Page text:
Every year on the third Wednesday in October, we mark International Pronouns Day. According to the official website, this day “seeks to make respecting, sharing and educating about personal pronouns commonplace,” with the goal of “transform[ing] society to celebrate people’s multiple, intersecting identities.” Knowing people’s pronouns helps us to refer to them correctly and respectfully. While many people use he/him or she/her pronouns, others may use they/them, ze/zir, other pronouns, or combinations of these pronouns. If you’re thinking about starting a conversation around pronouns today, whether at home or at work, with family or with friends, the HRC Foundation has some resources that may be helpful to you.
Sometimes conversations around pronouns can be difficult to begin, especially in the workplace. HRC has a guide to help with discussing pronouns in the workplace, including a history and background on pronouns and guidance to creating opportunities to ask for someone’s pronouns in a work environment, or to offer your own. HRC’s Workplace Equality Program also has a webinar, originally presented to corporate diversity and inclusion stakeholders, discussing non-binary, gender non-conforming and gender expansive people and identities in the workplace. To access the recording, click here and enter your name and email.
Pronouns aren’t just important in workplace settings, however. Many transgender and non-binary people may be thinking about navigating a conversation about their pronouns with friends or family on International Pronouns Day. HRC also has a “Pronouns 101” guide that could be helpful for anyone who is considering coming out to friends or family, or for anyone who wants to be an ally to a friend or family member who has recently come out.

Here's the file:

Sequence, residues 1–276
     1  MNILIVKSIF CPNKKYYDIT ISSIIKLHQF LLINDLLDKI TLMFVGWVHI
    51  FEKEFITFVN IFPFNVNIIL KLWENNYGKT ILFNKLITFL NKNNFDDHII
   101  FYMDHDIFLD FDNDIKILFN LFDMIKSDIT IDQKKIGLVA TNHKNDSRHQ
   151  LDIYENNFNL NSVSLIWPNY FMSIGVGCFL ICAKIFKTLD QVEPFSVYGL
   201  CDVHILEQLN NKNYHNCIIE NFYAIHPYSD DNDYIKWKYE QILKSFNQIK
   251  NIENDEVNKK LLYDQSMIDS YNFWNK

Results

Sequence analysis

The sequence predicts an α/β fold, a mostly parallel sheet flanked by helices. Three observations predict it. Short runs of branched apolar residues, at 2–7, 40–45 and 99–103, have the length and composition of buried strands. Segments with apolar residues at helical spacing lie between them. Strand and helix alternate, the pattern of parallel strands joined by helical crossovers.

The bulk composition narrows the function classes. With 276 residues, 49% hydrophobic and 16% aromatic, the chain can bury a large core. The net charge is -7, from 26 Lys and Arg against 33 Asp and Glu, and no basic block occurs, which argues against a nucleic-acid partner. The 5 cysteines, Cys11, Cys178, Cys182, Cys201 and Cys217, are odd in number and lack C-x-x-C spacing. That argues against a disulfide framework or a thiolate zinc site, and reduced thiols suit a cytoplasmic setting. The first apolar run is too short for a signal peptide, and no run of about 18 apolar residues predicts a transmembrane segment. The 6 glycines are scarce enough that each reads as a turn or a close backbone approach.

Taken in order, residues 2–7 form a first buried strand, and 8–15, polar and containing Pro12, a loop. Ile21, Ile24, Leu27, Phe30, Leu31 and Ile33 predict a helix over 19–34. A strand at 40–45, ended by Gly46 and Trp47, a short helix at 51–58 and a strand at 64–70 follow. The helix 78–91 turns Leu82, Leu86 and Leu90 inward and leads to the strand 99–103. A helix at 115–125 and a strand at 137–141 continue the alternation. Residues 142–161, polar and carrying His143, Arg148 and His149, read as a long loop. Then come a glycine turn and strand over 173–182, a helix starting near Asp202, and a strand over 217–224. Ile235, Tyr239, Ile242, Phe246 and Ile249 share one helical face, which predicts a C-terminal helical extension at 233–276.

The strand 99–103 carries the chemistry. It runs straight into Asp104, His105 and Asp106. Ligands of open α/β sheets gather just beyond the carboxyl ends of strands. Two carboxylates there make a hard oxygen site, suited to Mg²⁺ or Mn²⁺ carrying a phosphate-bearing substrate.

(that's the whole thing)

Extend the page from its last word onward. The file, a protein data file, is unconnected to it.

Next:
Some individuals also do not use any pronouns, and may ask to be referred to only by name or by a nickname. It’s important to remember that we can never assume to know a person’s pronouns, or whether a person uses pronouns. When appropriate, normalize politely asking someone, “What are your pronouns?”, “What pronouns do you use?” or “Do you use pronouns?” That way, you’ll know the best and most respectful way to refer to everyone.
In addition, it’s more important than ever that we make sure trans and gender-expansive youth are supported. According to the HRC Foundation, less than one-fifth (18%) of trans and gender-expansive youth say that they are called by their correct pronouns at school, and according to Pew Research, one in five Americans personally knows someone who prefers a pronoun other than he or she. Especially during the pandemic, when LGBTQ youth may be quarantining with family who are not supportive of their trans and non-binary identities, creating environments where they feel welcomed as their full selves is essential.
Using the correct pronouns for people, whether they are transgender, non-binary, gender-expansive, gender non-conforming or cisgender, is incredibly important. It not only shows that we recognize others for who they are, but it’s also a sign of respect and courtesy.
Today, let’s work together to help create a world where everyone, including trans, non-binary and gender non-conforming people, feels comfortable sharing their pronouns every day.